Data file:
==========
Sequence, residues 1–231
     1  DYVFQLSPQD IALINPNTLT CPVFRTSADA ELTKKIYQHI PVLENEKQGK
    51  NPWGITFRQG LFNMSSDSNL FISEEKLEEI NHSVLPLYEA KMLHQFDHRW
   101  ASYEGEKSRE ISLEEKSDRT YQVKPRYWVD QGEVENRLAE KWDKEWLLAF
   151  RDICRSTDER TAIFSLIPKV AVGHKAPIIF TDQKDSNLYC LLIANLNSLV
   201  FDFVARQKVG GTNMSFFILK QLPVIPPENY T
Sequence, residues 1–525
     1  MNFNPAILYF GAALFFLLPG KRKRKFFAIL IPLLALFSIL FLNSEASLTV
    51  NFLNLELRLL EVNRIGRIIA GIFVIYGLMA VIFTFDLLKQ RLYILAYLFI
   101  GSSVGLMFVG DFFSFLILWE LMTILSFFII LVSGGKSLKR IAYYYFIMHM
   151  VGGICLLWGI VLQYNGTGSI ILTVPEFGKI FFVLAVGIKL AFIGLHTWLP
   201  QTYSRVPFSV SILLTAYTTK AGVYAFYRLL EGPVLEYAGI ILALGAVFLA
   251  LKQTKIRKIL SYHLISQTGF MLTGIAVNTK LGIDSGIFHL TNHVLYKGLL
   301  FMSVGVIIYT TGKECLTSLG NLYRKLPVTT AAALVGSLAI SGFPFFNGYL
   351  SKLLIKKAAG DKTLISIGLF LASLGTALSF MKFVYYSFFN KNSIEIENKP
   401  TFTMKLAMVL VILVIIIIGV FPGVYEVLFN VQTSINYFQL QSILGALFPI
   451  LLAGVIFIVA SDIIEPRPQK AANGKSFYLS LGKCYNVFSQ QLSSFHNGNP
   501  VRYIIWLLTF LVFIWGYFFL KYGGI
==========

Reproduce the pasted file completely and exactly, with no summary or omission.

Sequence, residues 1–231
     1  DYVFQLSPQD IALINPNTLT CPVFRTSADA ELTKKIYQHI PVLENEKQGK
    51  NPWGITFRQG LFNMSSDSNL FISEEKLEEI NHSVLPLYEA KMLHQFDHRW
   101  ASYEGEKSRE ISLEEKSDRT YQVKPRYWVD QGEVENRLAE KWDKEWLLAF
   151  RDICRSTDER TAIFSLIPKV AVGHKAPIIF TDQKDSNLYC LLIANLNSLV
   201  FDFVARQKVG GTNMSFFILK QLPVIPPENY T
Sequence, residues 1–525
     1  MNFNPAILYF GAALFFLLPG KRKRKFFAIL IPLLALFSIL FLNSEASLTV
    51  NFLNLELRLL EVNRIGRIIA GIFVIYGLMA VIFTFDLLKQ RLYILAYLFI
   101  GSSVGLMFVG DFFSFLILWE LMTILSFFII LVSGGKSLKR IAYYYFIMHM
   151  VGGICLLWGI VLQYNGTGSI ILTVPEFGKI FFVLAVGIKL AFIGLHTWLP
   201  QTYSRVPFSV SILLTAYTTK AGVYAFYRLL EGPVLEYAGI ILALGAVFLA
   251  LKQTKIRKIL SYHLISQTGF MLTGIAVNTK LGIDSGIFHL TNHVLYKGLL
   301  FMSVGVIIYT TGKECLTSLG NLYRKLPVTT AAALVGSLAI SGFPFFNGYL
   351  SKLLIKKAAG DKTLISIGLF LASLGTALSF MKFVYYSFFN KNSIEIENKP
   401  TFTMKLAMVL VILVIIIIGV FPGVYEVLFN VQTSINYFQL QSILGALFPI
   451  LLAGVIFIVA SDIIEPRPQK AANGKSFYLS LGKCYNVFSQ QLSSFHNGNP
   501  VRYIIWLLTF LVFIWGYFFL KYGGI